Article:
06 Feb 2022 American Sub Tech Holds China at Bay
It’s no secret that Communist China has its ambitions set on taking control of Taiwan. But this global strategic threat is being countered by the sharing of American submarine technology with Australia.
This policy will have Chinese military commanders thinking twice about trying to cross the narrow Taiwan Strait with the goal of conquest.
In a commentary for The Defense Post, National Center Senior Fellow Horace Cooper reported that the “AUKUS” agreement – standing for partners Australia, the United Kingdom and the United States – will “help Australia develop nuclear-powered submarines and broaden military cooperation.” He added:
Under the agreement, the countries will exchange information and technological development in the fields of nuclear propulsion, artificial intelligence, quantum computing and long-range missile defense, among other things. These collaborative developments have the goal of maintaining peace and stability in the Indo-Pacific region; an area that has seen increased Chinese aggression.
There is ample reason for the U.S. to want to engage in this relationship – “the possibility of this transaction has the potential to drastically change dynamics in the South Pacific and minimize the likelihood that American soldiers would have to risk their lives in the region.”
Horace explained how AUKUS is a much-needed rebuke to Communist Chinese encroachment:
While the U.S. won’t say it publicly, it is China’s aggression that is the genesis of this agreement. Nearly two years after the Western press dropped the Hong Kong issue, China has begun ramping up pressure against Taiwan. Providing submarines directly or in the form of designs to the Australians would be a clear message to Beijing that America stands with Taiwan — that would indeed be a historic change…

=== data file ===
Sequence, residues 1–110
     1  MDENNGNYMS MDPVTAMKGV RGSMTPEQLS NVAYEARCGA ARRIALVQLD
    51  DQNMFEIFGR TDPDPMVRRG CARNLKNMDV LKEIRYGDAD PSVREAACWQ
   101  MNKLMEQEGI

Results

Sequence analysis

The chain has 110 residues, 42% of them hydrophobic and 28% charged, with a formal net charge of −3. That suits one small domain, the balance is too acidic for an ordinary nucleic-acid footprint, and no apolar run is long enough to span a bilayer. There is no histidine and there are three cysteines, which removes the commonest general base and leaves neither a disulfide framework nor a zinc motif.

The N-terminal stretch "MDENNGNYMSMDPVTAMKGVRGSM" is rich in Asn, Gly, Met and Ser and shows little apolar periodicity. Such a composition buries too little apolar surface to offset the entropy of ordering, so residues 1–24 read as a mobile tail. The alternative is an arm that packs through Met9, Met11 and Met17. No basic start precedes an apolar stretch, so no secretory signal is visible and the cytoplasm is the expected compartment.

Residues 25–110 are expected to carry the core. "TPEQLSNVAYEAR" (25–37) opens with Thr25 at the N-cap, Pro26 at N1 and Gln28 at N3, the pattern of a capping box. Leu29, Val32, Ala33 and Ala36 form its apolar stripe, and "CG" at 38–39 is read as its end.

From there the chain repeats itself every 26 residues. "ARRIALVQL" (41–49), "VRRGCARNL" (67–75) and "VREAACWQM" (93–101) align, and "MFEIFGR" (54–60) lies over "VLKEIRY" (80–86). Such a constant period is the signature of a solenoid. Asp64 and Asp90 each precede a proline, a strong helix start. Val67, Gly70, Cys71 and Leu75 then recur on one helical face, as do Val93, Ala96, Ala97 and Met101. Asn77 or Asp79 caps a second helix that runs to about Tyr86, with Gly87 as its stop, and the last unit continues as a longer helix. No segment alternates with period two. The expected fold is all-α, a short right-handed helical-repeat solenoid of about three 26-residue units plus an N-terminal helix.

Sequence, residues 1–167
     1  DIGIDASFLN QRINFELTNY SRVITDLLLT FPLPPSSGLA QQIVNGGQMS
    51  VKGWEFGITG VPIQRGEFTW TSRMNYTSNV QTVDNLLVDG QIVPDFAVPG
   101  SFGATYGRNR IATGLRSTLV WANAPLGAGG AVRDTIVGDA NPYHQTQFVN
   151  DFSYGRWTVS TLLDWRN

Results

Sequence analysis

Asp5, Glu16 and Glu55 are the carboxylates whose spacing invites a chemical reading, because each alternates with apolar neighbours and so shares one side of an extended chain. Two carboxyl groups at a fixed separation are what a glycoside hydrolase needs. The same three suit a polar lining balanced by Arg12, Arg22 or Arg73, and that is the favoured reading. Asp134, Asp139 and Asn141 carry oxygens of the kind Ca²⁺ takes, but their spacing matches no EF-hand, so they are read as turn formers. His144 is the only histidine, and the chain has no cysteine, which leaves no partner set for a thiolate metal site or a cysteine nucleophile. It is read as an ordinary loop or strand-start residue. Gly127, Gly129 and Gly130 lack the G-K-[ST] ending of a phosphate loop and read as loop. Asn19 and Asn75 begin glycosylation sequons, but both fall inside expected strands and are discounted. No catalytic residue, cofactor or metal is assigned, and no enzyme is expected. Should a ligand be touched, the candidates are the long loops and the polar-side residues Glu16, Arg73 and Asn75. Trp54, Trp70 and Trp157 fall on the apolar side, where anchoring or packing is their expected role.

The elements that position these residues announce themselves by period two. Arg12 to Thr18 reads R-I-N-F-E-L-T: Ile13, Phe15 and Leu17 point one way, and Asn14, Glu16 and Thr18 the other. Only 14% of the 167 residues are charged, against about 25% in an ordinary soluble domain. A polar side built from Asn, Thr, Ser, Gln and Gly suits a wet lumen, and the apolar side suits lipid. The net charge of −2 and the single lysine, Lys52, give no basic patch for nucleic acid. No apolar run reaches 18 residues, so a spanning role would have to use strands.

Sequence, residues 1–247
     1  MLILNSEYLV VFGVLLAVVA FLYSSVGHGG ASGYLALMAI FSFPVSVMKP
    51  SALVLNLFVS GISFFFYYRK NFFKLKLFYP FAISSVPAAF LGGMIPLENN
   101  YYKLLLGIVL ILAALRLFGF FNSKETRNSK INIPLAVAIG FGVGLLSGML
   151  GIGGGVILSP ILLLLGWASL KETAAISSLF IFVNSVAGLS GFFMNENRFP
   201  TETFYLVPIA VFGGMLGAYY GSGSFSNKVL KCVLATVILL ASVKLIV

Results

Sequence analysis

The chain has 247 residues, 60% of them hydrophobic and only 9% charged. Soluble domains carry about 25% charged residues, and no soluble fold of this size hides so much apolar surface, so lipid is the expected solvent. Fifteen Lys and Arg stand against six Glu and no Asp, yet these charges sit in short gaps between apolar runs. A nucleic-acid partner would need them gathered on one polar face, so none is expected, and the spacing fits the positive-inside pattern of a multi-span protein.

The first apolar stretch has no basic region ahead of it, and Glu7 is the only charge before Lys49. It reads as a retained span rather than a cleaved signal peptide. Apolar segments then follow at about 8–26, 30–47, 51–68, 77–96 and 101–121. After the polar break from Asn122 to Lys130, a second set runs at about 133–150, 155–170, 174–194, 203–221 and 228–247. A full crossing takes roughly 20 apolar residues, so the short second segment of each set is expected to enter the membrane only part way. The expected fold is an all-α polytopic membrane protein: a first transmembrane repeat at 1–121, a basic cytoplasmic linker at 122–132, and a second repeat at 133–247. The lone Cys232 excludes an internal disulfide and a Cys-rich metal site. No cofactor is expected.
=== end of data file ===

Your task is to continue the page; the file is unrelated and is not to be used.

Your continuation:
This policy of essentially “not picking a side” has always challenged Beijing’s war planners in predicting America’s stance during any plan of an invasion of Taiwan…
Until recently, Western analysts have assumed that China could not capture Taiwan in a quick maneuver. Recent developments in China’s offensive missile technology have challenged this conclusion and further raises questions about the rationale of maintaining America’s policy of “strategic ambiguity.”
The payoff, as Horace noted, is generous:
The effect of these multi-faceted changes will likely force China’s war planners to reconsider what advantage, if any, can be maintained with their recent technological advances. For America, it means not having to formally commit operational support – also known as sending our boys in harm’s way – and putting off modifying its policy of strategic ambiguity.
With Australia as the standard-bearer for democracy in the Indo-Pacific theater, and Australian Prime Minister Scott Morrison facing a “changed security environment,” Horace commented that “[t]his compact is a great opportunity to provide Australia with those resources.”
To read Horace’s entire article about the benefits of the AUKUS deal – “AUKUS Promises an Effective Check on China in the South Pacific” – click here.